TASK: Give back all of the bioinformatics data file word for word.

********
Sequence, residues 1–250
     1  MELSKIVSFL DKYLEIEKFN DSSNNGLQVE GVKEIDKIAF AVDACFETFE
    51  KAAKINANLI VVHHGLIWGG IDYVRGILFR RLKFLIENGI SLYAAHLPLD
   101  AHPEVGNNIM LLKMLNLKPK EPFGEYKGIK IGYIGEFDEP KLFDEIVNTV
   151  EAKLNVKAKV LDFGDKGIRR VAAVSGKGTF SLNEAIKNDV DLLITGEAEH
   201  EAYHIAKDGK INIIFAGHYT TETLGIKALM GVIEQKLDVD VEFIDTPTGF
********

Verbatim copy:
Sequence, residues 1–250
     1  MELSKIVSFL DKYLEIEKFN DSSNNGLQVE GVKEIDKIAF AVDACFETFE
    51  KAAKINANLI VVHHGLIWGG IDYVRGILFR RLKFLIENGI SLYAAHLPLD
   101  AHPEVGNNIM LLKMLNLKPK EPFGEYKGIK IGYIGEFDEP KLFDEIVNTV
   151  EAKLNVKAKV LDFGDKGIRR VAAVSGKGTF SLNEAIKNDV DLLITGEAEH
   201  EAYHIAKDGK INIIFAGHYT TETLGIKALM GVIEQKLDVD VEFIDTPTGF